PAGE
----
Reply
  14. Josh

    I was wondering if this place is still there. I wanted to find it in Google Earth. The address I found for Stephen and Miriam appears to be on a farm in Colorado (or across the road from someone’s farm building and grain bins anyway), definitely not this place. But according to the assessor, it’s owned by a different couple. Although, it looks like it was sold on Dec 31, 2010, so maybe they just moved out of there, and the address was an old one, or just moved in, and the assessor isn’t updated yet. Who knows… Still would be interested to find out if this house still stands and see the satellite view of it and the surrounding area if it does!

    Reply
    1. Steve

      We sold our mountain house after living in it for 26 years in 2004. We moved to the farm house you found and lived there until 12/31/11. The owners of the mountain house love it and as far as I know the house is the same as when we constructed it. It is a post and beam structure with all exposed wood inside. The shed roof is concrete tile, and the southern roof is wood shakes. After 26 years, our little valley became populated and is now full of trees. We miss the house but not the neighborhood. I doubt we could live in a chicken coop today with all the regulations and codes.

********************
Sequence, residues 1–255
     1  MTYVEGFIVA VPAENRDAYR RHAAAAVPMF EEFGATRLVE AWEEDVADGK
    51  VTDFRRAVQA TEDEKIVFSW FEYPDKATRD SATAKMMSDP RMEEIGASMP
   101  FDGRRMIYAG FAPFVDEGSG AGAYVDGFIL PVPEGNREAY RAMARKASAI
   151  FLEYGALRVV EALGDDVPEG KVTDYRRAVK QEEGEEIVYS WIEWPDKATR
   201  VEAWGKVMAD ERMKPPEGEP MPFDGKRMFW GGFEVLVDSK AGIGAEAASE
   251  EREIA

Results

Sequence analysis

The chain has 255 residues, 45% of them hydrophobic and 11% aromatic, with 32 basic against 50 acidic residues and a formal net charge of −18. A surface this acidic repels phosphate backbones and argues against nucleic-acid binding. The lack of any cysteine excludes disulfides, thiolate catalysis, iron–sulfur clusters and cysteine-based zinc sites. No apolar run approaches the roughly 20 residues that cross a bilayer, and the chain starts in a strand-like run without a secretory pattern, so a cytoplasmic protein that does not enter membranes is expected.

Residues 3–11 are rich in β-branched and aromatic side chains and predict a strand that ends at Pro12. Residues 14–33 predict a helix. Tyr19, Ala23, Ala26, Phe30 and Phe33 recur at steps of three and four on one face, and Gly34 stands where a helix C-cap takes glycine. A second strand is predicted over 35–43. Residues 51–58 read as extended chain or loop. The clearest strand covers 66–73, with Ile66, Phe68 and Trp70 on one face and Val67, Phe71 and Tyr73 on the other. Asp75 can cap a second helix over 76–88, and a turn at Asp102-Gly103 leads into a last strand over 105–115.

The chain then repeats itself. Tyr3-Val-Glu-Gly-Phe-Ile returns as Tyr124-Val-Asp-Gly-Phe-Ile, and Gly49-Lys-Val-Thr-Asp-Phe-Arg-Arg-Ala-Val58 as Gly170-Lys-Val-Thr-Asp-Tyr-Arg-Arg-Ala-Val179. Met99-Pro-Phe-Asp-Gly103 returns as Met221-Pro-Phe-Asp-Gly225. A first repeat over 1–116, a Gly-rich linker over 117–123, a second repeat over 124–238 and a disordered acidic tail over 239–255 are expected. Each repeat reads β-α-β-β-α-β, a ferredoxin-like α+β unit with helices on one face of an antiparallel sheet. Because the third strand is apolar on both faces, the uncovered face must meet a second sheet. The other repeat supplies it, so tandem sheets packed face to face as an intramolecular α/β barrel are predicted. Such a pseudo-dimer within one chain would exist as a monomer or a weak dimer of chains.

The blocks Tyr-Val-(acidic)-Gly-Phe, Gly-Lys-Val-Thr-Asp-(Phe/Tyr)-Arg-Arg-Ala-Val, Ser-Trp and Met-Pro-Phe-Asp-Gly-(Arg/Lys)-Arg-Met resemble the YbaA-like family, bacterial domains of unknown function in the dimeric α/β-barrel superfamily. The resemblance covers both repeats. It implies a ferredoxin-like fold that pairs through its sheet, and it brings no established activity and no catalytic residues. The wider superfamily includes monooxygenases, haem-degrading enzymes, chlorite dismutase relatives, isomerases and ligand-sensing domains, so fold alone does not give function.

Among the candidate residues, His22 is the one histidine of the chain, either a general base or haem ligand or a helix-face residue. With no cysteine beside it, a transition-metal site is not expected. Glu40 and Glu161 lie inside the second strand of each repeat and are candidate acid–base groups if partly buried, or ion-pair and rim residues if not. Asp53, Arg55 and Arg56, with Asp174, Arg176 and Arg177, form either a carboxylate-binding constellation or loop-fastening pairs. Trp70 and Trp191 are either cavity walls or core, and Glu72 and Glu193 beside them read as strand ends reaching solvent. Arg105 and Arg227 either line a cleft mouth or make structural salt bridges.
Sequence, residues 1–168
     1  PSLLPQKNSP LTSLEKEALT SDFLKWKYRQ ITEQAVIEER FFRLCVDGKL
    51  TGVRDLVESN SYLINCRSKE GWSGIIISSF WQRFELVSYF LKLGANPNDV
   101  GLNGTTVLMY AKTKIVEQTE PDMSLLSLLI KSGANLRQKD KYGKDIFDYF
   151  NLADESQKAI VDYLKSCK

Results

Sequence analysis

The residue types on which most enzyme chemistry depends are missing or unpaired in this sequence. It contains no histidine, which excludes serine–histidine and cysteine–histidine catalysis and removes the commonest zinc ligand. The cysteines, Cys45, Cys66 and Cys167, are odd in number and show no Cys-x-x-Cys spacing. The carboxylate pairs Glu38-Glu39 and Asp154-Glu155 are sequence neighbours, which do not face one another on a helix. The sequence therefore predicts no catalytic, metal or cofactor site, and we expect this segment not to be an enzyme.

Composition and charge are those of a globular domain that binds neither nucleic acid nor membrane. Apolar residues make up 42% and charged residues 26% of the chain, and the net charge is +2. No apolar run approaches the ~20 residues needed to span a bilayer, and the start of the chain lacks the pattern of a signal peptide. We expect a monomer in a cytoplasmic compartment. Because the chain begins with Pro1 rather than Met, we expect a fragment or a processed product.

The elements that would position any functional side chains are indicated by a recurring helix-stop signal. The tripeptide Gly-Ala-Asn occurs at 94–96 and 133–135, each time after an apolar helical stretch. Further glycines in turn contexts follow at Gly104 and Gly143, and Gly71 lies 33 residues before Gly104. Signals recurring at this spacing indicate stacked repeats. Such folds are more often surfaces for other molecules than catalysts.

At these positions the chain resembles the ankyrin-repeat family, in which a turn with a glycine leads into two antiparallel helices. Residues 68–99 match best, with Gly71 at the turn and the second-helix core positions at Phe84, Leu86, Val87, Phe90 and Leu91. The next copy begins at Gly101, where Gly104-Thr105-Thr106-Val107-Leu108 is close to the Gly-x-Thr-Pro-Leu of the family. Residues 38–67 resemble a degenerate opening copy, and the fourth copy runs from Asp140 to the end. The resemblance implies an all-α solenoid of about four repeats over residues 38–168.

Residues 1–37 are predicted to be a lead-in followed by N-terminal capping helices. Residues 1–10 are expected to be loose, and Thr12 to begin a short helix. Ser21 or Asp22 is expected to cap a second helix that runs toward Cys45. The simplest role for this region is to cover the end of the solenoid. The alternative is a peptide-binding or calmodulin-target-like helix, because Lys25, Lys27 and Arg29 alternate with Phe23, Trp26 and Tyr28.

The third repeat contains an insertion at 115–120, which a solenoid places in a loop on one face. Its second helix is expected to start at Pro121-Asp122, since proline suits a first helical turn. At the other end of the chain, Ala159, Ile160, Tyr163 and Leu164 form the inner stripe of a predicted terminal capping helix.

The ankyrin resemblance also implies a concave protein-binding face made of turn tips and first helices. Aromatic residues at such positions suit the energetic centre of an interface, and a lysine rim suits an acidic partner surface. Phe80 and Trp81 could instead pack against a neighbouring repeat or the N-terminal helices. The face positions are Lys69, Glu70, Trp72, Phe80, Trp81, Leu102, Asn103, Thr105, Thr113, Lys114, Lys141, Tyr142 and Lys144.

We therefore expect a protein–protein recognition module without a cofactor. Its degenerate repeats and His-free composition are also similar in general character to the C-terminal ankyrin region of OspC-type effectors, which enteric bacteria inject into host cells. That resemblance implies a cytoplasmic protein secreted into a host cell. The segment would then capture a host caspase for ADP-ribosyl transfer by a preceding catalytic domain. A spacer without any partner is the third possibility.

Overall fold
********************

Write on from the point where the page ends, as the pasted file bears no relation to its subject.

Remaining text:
Reply
      1. v

        thanks steve.. but you see now about people LOOKING for more and more and how it intrudes into private lives …. It is tru, the valley lane has turned a bit into a neighborhood instead of an escape from the real world… Protect the innocent.. use fake names and fake places.. works out for everyone… I really do doubt that S and M care to have their life exposed.. if they did, i suppose they would have done it themselves…

        have a good time with protohaus…v
        v

        Reply
        1. Josh

          I don’t know that I’d classify wondering where it’s at so I could get an aerial view to understand better the type of terrain that it’s in is looking to intrude into private lives; I’ll have to take your word for it. I guess it’s just a curse that I have to carry around with me that I’m curious about things and good at researching them. Poor me; it keeps me educated about things I find interesting.